Of course, this could also just be a case of kids being kids. Children are easily fascinated, and the online world offers a vast array of opportunities to create, learn, and consume. What’s more, screen time does not need to be a bad thing. With the world moving into an increasingly uncertain future, we should be encouraged our young children to understand coding and computing.

Observe

Just keep an eye on your young people. Observe, and ensure that they don’t appear to be valuing screen time over three-dimensional interaction.

A child that grows dependent and addicted to their gadgets can be challenging to manage. They’ll have an attention span that can be measured in nanoseconds when away from the glowing lights of a tablet, and struggle with the soft social skills required to thrive in company.

How can this be combatted? There is no magic wand. If there were, the world would not be filled with children seemingly dependent on their screens. Be honest and open with your children, entering into a dialog about the risks of excessive screen time.

Besides, try to provide realistic alternatives. Kids love Minecraft, which is often described as online Lego. Maybe we’re old-fashioned … but doesn’t that mean that Lego will be even more fun? Although kids love the digital world, there is still no real substitute for genuine, one-on-one attention.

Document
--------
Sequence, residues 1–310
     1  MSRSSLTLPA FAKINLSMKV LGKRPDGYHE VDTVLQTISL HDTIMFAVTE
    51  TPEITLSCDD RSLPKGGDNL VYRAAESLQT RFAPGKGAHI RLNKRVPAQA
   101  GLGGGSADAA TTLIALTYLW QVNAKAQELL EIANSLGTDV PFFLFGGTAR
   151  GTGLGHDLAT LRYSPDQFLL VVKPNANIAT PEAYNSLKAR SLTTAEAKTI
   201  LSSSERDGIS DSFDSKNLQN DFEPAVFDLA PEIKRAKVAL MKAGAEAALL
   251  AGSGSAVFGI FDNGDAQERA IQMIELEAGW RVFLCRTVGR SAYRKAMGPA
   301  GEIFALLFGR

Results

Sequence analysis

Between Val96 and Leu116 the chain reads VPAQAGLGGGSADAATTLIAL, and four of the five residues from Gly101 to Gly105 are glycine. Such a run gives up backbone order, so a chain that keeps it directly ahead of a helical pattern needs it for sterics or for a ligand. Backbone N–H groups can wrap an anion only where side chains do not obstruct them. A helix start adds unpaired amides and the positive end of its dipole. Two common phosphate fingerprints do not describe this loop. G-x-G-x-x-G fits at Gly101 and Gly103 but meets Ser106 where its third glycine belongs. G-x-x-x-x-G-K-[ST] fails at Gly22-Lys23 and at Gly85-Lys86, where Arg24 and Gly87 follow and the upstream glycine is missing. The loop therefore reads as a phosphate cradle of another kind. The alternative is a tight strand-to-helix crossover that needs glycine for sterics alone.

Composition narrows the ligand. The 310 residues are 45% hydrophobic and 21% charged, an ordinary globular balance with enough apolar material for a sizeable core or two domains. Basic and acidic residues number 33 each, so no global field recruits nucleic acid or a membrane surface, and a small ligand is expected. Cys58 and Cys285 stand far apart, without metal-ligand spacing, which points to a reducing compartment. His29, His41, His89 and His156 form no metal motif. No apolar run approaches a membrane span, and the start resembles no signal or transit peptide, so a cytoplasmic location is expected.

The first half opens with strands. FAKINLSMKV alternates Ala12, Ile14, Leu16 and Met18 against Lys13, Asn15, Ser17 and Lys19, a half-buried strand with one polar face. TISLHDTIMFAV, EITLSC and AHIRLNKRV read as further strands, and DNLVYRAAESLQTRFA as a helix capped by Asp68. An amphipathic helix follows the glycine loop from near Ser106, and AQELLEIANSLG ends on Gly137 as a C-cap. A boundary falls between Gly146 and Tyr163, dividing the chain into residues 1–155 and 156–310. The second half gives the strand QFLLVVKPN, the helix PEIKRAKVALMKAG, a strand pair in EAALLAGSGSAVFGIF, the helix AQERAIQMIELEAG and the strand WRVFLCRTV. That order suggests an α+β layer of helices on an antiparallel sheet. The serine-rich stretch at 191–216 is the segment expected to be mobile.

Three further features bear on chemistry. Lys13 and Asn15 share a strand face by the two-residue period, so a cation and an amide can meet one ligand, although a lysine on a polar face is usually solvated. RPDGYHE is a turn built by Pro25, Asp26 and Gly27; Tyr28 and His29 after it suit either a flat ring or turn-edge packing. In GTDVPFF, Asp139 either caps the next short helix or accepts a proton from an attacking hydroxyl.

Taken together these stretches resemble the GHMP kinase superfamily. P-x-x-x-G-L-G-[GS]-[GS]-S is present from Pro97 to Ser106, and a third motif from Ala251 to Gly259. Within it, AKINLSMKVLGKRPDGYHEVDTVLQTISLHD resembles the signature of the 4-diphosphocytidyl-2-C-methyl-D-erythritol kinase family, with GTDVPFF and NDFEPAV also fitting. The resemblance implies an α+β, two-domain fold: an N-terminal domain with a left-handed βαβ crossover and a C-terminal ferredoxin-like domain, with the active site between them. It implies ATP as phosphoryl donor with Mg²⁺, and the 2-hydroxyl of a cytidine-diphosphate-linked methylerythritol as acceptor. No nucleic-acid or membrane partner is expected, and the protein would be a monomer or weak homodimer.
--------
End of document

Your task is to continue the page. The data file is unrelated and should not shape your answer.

Don’t remove screens from a child’s life entirely unless you feel you have no choice. The child will feel alienated from their peers, and likely resent you for the intrusion. Wherever possible, however, reduce their time online and re-introduce more and more outdoor or collaborative activities.

The more time your kids spend with their friends, engaging in behavior that doesn’t involve plugging in or getting wired, the more they’ll remember to take pleasure in the simple things in life.